More About Brazil
Itaituba, Brazil – Today, Munduruku representatives and Greenpeace volunteers started a community-led effort to establish the boundaries of an Indigenous land in the heart of the Brazilian Amazon with the aim of protecting traditional areas. These particular lands are threatened by the controversial proposed São Luiz do Tapajós mega dam, which would permanently affect the livelihoods of Munduruku in the region, cause forest destruction, and impact globally important ecosystems.
River dolphins, giant otters, turtles, fish, birds and monkeys are all at risk if 246 Amazon dams go forward – mostly in the Tapajós basin and Andes headwaters.June 6, 2016Mongabay
Amazonia's surge in hydropower development threatens numerous species with extinction and puts unique habitats at risk, warns a recent study.
Renewed attempts by top lawmakers to remove environmental licensing requirements for "strategic" development projects in Brazil have been stalled. Controversial schemes include stalled plans for the São Luiz do Tapajós hydroelectric complex – which critics warn could infringe on indigenous lands, destroy local biodiversity and trigger deforestation.
"Those who have taken power are backing an explicitly regressive, anti-environmental agenda," said Christian Poirier, of U.S.-based Amazon Watch.
Amidst the turmoil of the presidential impeachment process, members of Brazil’s Congress are set to dismantle environmental protection laws.May 12, 2016Climate News Network
Taking advantage of Brazil's present political turbulence, as the battle to impeach President Dilma Rousseff reaches its climax, reactionary politicians are quietly rolling back environmental and indigenous protection laws in defiance of the country's commitments under the Paris Agreement.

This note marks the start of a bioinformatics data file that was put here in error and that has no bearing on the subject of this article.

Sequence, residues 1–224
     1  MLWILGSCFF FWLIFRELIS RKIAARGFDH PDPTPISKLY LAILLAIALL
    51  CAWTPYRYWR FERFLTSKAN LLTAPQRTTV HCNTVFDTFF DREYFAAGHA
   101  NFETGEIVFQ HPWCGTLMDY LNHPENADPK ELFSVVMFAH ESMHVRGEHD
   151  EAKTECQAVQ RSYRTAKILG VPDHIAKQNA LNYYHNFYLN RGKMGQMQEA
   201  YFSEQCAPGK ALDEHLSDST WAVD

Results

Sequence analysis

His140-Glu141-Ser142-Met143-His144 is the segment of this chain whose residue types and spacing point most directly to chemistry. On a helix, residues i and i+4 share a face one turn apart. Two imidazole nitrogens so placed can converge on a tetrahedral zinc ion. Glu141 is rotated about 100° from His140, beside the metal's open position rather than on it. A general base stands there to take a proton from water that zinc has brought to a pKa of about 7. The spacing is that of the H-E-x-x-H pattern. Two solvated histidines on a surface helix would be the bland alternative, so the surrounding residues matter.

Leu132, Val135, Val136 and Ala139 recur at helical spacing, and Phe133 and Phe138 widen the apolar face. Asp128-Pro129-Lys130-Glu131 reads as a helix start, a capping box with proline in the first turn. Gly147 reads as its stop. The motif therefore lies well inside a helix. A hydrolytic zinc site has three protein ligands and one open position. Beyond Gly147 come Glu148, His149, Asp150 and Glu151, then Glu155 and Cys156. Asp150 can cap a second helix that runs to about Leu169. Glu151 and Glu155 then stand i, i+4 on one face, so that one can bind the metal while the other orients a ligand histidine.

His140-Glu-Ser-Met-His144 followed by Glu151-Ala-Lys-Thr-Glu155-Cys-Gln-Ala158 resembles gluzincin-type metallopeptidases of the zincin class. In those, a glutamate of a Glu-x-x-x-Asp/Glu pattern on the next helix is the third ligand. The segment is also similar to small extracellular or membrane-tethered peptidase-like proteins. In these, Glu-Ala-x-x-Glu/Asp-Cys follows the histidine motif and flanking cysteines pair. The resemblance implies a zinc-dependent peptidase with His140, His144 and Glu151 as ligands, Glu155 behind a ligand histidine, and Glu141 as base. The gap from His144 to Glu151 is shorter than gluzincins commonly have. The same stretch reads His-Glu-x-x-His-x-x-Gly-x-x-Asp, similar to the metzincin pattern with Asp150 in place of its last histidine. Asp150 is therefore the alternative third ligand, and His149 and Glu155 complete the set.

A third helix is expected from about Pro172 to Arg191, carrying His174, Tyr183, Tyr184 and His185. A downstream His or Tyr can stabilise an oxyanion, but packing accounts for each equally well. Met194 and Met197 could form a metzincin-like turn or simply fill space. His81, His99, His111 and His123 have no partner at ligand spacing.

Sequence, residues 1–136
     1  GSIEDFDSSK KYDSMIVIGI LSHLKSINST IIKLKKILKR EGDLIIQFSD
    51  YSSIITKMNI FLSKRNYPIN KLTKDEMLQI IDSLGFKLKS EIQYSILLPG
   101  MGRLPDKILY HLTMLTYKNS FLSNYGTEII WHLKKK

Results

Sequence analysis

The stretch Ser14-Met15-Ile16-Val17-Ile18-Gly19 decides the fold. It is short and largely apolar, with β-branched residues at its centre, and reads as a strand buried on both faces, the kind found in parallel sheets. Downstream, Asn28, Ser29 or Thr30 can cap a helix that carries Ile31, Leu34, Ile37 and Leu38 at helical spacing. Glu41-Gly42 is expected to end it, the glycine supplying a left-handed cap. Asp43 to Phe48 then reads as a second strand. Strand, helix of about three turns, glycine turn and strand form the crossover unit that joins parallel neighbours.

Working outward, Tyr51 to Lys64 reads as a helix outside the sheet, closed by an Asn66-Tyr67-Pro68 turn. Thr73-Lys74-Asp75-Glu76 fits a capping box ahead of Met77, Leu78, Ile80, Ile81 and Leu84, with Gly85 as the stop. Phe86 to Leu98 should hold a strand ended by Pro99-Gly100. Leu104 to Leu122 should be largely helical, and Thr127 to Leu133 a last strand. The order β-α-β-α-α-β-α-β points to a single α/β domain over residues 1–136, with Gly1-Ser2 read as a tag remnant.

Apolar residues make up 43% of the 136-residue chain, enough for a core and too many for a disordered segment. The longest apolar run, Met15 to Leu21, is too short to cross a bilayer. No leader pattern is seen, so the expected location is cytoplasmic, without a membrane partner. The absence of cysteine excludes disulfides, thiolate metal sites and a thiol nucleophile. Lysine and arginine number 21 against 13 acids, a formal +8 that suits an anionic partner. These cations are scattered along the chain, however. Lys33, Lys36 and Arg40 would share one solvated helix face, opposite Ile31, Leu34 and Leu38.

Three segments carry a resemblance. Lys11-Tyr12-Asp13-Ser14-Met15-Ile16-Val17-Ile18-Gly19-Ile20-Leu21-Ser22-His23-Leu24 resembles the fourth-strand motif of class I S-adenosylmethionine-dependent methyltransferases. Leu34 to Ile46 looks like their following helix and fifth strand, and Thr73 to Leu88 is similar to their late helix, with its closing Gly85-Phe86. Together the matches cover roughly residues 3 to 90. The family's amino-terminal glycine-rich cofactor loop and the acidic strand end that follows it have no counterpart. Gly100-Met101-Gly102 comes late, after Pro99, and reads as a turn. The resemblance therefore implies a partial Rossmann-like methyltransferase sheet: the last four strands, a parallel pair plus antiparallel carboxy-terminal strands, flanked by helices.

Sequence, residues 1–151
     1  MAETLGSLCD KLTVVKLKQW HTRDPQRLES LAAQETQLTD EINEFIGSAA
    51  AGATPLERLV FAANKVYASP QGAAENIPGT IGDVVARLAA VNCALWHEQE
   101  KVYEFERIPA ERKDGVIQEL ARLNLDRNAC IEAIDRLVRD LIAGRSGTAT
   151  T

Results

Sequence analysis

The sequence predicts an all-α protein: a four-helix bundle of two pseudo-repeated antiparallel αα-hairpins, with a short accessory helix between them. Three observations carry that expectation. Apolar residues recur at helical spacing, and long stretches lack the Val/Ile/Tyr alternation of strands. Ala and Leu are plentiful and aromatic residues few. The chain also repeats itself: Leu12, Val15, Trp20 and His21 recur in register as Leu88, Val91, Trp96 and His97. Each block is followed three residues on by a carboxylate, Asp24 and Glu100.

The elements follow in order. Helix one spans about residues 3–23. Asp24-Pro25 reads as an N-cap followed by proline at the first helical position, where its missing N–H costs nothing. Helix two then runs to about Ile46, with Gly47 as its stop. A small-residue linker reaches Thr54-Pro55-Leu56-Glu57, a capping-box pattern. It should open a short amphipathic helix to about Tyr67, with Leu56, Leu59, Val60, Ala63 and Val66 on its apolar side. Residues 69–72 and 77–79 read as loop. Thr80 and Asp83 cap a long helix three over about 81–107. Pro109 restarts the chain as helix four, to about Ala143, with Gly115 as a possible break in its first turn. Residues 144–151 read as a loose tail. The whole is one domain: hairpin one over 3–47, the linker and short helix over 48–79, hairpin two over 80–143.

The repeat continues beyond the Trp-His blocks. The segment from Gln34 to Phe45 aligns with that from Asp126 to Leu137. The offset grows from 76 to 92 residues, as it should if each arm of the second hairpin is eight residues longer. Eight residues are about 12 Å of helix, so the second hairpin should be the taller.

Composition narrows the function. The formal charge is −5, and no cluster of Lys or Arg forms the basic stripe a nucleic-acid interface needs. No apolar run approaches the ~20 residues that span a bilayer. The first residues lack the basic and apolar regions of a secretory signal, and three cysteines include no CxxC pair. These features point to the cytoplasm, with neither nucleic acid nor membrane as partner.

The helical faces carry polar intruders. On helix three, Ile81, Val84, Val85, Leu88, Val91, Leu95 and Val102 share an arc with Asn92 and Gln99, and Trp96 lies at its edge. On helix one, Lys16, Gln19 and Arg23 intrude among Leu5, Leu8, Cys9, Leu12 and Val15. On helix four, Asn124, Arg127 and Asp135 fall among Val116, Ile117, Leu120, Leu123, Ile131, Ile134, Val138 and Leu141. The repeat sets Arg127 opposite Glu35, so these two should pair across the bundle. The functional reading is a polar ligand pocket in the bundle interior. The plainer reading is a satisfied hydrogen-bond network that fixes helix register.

Under the cover of political mayhem, lawmakers have discreetly moved this polemic proposal toward a plenary vote, threatening to erase Brazil's environmental legislation in one fell swoop.
Constitutional amendment would abolish current federal requirements for environmental assessments of public works projects, such as Amazon damsMay 5, 2016Mongabay
A Commission in the Brazilian Senate has quietly approved a constitutional amendment that would shred the environmental safeguards currently required for public works. If ratified, the amendment could give a green light and fast track approval to major infrastructure projects nationwide including the controversial Sao Luiz do Tapajós hydroelectric project. Such a move could devastate the country's wildlife and natural environment, and do significant harm to indigenous groups.
The most important project of President Dilma Rousseff's energy program is also a monumental example of how energy should not be produced in the 21st century. In addition to its high price tag, the dam is associated with corruption and massive human rights violations due to its social and environmental impacts.
Jacksonville, FL – Earlier today, Munduruku Indigenous leaders from the Amazon participated in General Electric's Annual General Meeting, where they asked the company not to take part in a controversial mega dam project in the heart of the Amazon.
In the shadow of last week's contentious vote to impeach President Dilma Rousseff, Brazil's indigenous agency FUNAI and environmental agency IBAMA made unexpected, decisive rulings in defense of indigenous rights and ecological protection in the Amazon.